A below-knee plaster walking cast was applied to the right leg of the healthy volunteers and they were trained to weightbear partially to an arbitrary weight of 30 kg, which represented 20–40% of the body weight, a range that is prescribed commonly in clinical practice.7 In the patient group, the magnitude of weightbearing allowed was prescribed in terms of percentage of body weight and varied in each case depending on the orthopaedic condition for which the patient was being treated.
All volunteers and patients were trained to weightbear partially by a physiotherapist using the bathroom scale technique as described earlier. After training, and the patients had formed a mental image of the prescribed partial weightbearing, they were taught to mobilize with crutches using three-point gait. A few days later, with the help of their crutches the subjects walked on a walkway incorporating Bertec force platforms (Bertec Corporation, Columbus, OH). The force platform calculated the ground reaction force produced between the plantar surface of the foot and the floor. All three components of the ground reaction force were used to calculate the amount of weight transmitted to the platform during partial weightbearing (Fig 1). Readings were taken during the entire stance phase in six separate walks and the mean of all six values was taken into account for each subject.
Statistical analysis was done using SPSS software (SPSS Inc, Chicago, IL). Descriptive statistics were used to confirm that the data were normally distributed, and the technique of Bland and Altman4 was used to describe the distribution of differences between actual partial weightbearing and prescribed partial weightbearing. Spearman’s rank correlation was used to examine the correlation between prescribed weightbearing and actual weightbearing because based on simple plots a monotonic (rather than linear) relationship was assumed between prescribed weightbearing and actual weightbearing.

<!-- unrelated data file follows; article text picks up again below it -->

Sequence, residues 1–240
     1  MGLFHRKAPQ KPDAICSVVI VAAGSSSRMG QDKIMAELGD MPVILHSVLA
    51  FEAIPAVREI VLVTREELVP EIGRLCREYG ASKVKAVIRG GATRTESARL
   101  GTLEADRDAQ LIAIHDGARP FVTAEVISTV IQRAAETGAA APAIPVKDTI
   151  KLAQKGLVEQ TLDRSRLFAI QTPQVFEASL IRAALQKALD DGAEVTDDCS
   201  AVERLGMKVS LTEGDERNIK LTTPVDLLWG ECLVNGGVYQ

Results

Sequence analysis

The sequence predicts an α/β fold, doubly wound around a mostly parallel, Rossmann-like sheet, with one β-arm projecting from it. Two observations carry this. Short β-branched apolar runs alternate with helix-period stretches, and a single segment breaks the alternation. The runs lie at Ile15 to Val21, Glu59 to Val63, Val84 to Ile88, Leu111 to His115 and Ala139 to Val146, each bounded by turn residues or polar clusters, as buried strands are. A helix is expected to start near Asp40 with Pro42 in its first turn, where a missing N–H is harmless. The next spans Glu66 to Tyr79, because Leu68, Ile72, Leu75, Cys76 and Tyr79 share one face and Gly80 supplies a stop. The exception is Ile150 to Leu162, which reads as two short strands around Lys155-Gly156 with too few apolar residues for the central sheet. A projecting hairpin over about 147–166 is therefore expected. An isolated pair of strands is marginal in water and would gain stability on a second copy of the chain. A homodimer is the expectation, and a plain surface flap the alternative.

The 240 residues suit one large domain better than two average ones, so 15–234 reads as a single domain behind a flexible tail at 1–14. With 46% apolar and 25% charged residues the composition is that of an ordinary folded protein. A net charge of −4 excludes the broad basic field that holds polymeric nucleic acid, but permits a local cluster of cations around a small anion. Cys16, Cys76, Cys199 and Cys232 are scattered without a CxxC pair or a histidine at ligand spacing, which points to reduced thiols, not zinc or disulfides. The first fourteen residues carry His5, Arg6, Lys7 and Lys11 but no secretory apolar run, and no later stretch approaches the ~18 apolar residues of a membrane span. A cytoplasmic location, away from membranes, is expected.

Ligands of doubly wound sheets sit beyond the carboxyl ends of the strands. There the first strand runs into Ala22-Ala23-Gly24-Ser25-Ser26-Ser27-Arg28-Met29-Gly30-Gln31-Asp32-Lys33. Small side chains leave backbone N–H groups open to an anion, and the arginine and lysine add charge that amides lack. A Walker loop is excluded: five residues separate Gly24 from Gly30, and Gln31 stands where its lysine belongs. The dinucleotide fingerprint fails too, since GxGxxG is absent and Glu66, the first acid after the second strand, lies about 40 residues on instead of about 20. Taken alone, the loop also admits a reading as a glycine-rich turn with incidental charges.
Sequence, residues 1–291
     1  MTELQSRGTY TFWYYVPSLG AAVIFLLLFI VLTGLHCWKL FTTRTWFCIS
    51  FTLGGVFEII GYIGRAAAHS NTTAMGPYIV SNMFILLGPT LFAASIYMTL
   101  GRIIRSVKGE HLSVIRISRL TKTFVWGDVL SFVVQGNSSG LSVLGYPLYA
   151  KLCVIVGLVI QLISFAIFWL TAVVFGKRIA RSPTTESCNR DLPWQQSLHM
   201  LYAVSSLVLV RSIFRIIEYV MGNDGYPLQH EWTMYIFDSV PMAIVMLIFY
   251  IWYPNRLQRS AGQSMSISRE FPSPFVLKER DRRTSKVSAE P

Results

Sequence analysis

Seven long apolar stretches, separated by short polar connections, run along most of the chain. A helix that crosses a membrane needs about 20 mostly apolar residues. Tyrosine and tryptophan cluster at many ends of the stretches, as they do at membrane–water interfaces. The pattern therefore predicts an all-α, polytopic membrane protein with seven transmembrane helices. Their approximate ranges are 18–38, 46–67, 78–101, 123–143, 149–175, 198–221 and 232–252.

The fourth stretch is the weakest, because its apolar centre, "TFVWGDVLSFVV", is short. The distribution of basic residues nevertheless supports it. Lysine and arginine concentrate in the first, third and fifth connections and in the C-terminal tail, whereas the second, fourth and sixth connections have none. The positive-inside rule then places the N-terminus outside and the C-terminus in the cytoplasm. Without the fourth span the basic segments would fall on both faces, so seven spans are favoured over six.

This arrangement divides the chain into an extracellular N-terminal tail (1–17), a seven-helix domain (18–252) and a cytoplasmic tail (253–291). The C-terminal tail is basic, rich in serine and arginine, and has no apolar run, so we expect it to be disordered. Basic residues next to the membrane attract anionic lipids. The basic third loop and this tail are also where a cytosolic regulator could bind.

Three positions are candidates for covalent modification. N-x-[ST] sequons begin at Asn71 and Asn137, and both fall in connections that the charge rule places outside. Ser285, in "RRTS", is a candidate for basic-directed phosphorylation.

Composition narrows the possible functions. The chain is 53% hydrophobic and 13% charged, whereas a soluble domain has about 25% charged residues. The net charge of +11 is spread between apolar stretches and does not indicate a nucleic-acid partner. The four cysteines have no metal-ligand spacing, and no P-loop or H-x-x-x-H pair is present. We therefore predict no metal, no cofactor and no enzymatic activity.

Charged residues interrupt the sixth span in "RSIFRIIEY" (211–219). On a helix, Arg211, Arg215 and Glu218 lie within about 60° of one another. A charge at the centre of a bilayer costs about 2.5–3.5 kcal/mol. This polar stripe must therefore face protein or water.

The extent of weightbearing was expressed as a percentage of the subject’s body weight. Four of six volunteers were weightbearing a mean of 27% of body weight more than required (range, 17.5%–40.5%). The remaining two volunteers exerted a mean of 8.5% of body weight less than required (range, 7.3%–9.6%). Of the 23 patients, 21 exerted a mean of 35.3% of body weight more than that prescribed (range, 3.14%–163.2%). Two patients exerted a mean of 11.97% of body weight less than that prescribed (range, 4.17%–19.8%).
A summary of the differences between actual partial weightbearing and prescribed partial weightbearing is shown in Table 1. The average difference was 37.2% of body weight with a standard deviation of 23.55% of body weight. A standard sample t test was used to assess any bias in the differences in both groups. The mean was statistically significantly different from 0 (t = 7.4, p < 0.001).
The correlation between prescribed weightbearing and actual weightbearing also was examined (Fig 2). Spearman’s rank correlation was not significant (rs = 0.189; p = 0.399; 95% confidence interval, −0.261–0.572), suggesting that there is little relationship between the weightbearing prescribed and actual weightbearing. However the large confidence intervals do not preclude the possibility of a relationship between actual and prescribed weightbearing.
When actual weightbearing was expressed as a percentage of prescribed weightbearing, it was apparent that the volunteers (controls) did better than the patients (Table 2). On comparing both groups there was no statistical difference in their response to weightbearing partially (p = 0.179). None of the patients or volunteers was able to reproduce the extent of partial weightbearing that they had been trained for (Fig 2).
Although there have been no prospective randomized clinical trials on the consequences of increased or decreased weightbearing, data from clinical and animal studies have shown that magnitude and frequency of loading influences bone healing.3,8–10,13,14,16,21 For example, physiologic loading that occurs during axial micromotion encourages fracture healing8–10,16 but excessive or premature loading may inhibit or stop healing.3,5,8,14,16 Partial weightbearing acts by allowing physiologic strains while avoiding excessive or premature loading. Based on current evidence it seems that magnitude of weightbearing does have clinical consequences,3,5,8–10,16,20,21 therefore it seems important for certain patients to weightbear partially.
The current study did not address clinical effects of partial weightbearing but assessed the accuracy of patients and healthy volunteers in weightbearing partially after being trained using the bathroom scale technique.6,7,19 Force platforms were used to assess accuracy of weightbearing because they provide exact values of the ground reaction force produced on weightbearing from which the extent of weightbearing was calculated. It has been shown that on comparing various methods used to train patients to weightbear partially, force platforms were 2.7 times more accurate than traditional methods.7